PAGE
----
Bonnaroo 2016: Andrew Combs prepares for Bonnaroo debut


Photo by Melissa Madison Fuller//Sacks & Co

Nashville by way of Dallas singer-songwriter Andrew Combs will cement his place as one of the area’s brightest young musicians when he makes his debut at the Bonnaroo Music and Arts Festival.

Combs is set to perform at 7:15. p.m. Friday at the New Music on Tap Lounge at the 15th annual festival just outside Manchester, Tenn., which opens Thursday and runs through Sunday.

The long road from the Lone Star State to Music City started when Combs migrated to attend Belmont University, a move he says was made to get to the city where his heroes, such as Guy Clark, Kris Kristofferson and Mickey Newbury, cut their teeth in the songwriting industry. The only problem, however, was getting his parents on board with their son moving nearly 700 miles away.

“The history — that’s why I moved here,” said the 29-year-old, sipping on a coffee at a 12 South coffeehouse in a recent interview. “I fell in love with the songwriter’s songwriters. … I remember being in high school and finding out there were people who were just songwriters, and I thought that was really cool. I still like the idea of someone who gets up in the morning and writes and that’s his job.”

“(College) was an excuse to get up here,” Combs said. “My parents said, ‘We’re not gonna help you pay for college if you want to get an English degree in Nashville.’ I was like, ‘Well there’s this thing called music business, whatever that means,’ and my mom took the bait.”

In the decade after resettling for college, Combs has made Nashville his second home. While at Belmont, he interned on Music Row at American Songwriter magazine and dedicated the title of his 2010 debut EP to his new home state. That release, “Tennessee Time,” and his two full-lengths, “Worried Man” and “All These Dreams,” were recorded in Nashville, with plans to record his next release here as well.

He’s frequently collaborated with other local up-and-comers Caitlin Rose and instrumental duo Steelism, and he has toured with the likes of Eric ChurchKacey Musgraves and Anderson East.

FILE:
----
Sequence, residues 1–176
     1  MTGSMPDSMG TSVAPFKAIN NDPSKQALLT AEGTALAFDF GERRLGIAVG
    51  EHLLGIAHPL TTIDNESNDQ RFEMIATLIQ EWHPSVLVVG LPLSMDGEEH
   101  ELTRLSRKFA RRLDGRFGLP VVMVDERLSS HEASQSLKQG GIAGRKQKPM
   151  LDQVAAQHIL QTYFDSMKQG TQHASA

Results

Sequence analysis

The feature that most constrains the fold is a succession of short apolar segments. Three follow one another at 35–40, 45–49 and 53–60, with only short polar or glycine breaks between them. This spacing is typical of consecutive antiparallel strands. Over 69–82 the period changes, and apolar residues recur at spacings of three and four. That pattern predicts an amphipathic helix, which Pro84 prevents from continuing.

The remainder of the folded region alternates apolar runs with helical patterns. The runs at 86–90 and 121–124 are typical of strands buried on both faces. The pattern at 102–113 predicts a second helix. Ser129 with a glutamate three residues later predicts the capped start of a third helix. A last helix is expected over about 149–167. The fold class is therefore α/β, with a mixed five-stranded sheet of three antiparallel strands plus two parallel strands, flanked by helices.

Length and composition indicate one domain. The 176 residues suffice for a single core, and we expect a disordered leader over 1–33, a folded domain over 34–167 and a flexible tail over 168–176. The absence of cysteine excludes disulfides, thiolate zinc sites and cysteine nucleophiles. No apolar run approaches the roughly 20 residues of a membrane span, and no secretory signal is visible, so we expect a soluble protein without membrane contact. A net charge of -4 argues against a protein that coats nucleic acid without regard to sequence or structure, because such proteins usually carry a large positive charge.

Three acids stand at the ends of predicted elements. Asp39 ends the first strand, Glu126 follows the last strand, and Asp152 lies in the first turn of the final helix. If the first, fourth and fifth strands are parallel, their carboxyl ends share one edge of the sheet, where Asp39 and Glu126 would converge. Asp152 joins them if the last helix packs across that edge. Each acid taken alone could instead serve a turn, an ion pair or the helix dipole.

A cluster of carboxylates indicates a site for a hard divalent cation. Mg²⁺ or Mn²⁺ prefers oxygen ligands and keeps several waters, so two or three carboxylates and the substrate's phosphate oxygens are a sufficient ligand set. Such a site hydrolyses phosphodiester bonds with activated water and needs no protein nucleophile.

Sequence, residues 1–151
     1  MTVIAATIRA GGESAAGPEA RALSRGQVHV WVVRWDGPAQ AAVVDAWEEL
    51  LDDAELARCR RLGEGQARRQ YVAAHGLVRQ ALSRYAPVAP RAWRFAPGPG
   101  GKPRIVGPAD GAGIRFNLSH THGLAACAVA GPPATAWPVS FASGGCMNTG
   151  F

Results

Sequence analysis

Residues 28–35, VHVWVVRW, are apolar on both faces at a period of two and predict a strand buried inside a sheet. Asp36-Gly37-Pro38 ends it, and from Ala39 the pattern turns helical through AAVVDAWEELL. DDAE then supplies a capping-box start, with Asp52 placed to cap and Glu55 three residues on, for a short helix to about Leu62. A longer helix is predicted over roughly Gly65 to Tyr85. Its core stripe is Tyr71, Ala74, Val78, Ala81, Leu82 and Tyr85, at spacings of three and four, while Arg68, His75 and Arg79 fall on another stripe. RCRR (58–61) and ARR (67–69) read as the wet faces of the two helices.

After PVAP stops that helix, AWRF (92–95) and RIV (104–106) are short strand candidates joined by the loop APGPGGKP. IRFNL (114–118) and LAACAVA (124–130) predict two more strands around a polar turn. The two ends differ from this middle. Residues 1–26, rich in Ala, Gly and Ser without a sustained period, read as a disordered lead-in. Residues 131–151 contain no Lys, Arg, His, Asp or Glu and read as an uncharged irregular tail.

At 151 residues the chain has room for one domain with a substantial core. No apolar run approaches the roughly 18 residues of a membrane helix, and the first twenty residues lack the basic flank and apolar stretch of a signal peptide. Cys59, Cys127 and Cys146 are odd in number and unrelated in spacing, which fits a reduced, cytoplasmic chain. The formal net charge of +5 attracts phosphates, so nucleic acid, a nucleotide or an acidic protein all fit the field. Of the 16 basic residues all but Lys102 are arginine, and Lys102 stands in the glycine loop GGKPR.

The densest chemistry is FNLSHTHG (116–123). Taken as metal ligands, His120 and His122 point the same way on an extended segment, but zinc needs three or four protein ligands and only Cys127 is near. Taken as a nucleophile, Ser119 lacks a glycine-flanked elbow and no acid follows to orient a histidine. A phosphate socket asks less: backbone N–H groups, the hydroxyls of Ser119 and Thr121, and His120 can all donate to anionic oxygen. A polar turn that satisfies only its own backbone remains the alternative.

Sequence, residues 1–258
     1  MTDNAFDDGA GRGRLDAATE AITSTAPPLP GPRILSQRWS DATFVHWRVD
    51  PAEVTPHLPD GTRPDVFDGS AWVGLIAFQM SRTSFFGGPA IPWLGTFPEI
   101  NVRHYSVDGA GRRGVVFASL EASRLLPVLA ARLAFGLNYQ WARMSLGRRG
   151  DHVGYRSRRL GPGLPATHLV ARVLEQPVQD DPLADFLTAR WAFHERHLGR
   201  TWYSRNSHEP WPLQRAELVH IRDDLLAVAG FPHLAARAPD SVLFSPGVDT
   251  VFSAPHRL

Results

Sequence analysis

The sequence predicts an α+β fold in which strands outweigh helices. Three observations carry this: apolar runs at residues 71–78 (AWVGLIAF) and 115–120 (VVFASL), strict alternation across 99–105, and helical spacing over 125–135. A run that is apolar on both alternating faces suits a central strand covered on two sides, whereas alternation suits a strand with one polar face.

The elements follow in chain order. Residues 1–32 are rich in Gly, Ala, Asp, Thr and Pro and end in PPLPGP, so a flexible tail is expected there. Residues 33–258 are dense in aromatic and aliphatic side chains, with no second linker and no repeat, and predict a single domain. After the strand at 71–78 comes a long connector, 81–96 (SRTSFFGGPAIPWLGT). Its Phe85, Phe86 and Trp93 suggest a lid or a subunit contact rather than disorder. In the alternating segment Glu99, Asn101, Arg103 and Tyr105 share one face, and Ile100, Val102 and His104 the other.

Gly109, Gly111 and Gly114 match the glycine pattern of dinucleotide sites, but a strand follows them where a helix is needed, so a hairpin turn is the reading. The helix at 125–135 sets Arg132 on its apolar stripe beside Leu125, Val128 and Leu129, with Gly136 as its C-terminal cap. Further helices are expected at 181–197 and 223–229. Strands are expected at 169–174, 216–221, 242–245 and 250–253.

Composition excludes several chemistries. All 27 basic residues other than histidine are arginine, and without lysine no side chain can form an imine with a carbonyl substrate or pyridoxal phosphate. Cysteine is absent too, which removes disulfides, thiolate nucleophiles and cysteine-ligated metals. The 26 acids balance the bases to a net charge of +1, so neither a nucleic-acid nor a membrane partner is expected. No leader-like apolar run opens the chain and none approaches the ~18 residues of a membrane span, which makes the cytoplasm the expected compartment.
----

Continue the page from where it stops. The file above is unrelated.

While on tour with Church, Combs played his biggest show to date at London’s famed O2 Arena.

“(London was) by far the biggest crowd I’ve ever played to,” he said. “In some respects it’s easier, for me at least, to look out into a mass of people and not have to try and establish a connection with a smaller crowd. That was actually my favorite gig of the tour. The sounds so big, it’s cool. I don’t think I’d wanna do it every night, but it was a nice experience.”

While O2 may have been a large show for Combs, he’s now eyeing another big date: his Bonnaroo debut. While this will be the first time performing, it will be Combs’ second time at the Farm. He visited when his friend and alt-country artist Jonny Fritz played the festival in 2013.

Combs, whose soft-spoken songs mirror his mild-mannered temperament and introverted tendencies, has mixed feelings about festival environments.

“I’m excited (to be playing), but I’m not a festival kind of guy,” he said. “The things I get nervous about are playing a block party, a festival street party or a party situation where people aren’t necessarily there to hear music. … I just kind of put my sunglasses on and get in my own world. That’s definitely a hurdle that I’m trying to still clear.”

After Bonnaroo, Combs has a busy year ahead, with his next gig being Nashville’s Fourth of July concert at Ascend Amphitheater alongside Sheryl Crow, Maddie & Tae, Ruby Amanfu, Erin McCarley and the Nashville Symphony. Later this year, he’ll head out for a short jaunt with fellow up-and-comer Lera Lynn in addition to some solo dates.

All of this is happening while he’s settling into his new ranch-style home near Donelson, preparing for his October wedding and — somewhere in between all that — releasing a new, bare-bones album inspired by folk rock stalwarts Tom Rush and Gordon Lightfoot.

“The idea is that I want to make a late ’60s folk record,” Combs said, “not a lot of drums and still some strings. But I want us to limit ourselves with what we put on top of a track. I don’t want any song to have like four electric guitars. If there’s electric guitar, there’s an electric guitar, and that’s it. I want to strip it down a bit.

“I wanted a big, full-sounding record for ‘All These Dreams,’ and that’s what I got. Now I wanna do something different. I don’t ever want to make the same record twice.”

This article was published in cooperation with the Seigenthaler News Service. To see the version of this article that ran in The Tennessean, click here.

Follow John Connor Coulston on Twitter @jccoulston.

To see our full archive of Bonnaroo coverage, click here.

For more updates, follow us at www.mtsusidelines.com, on Facebook at MTSU Sidelines and on Twitter/Instagram at @Sidelines_Life.

To contact Lifestyles editor Olivia Ladd, email lifestyles@mtsusidelines.com.

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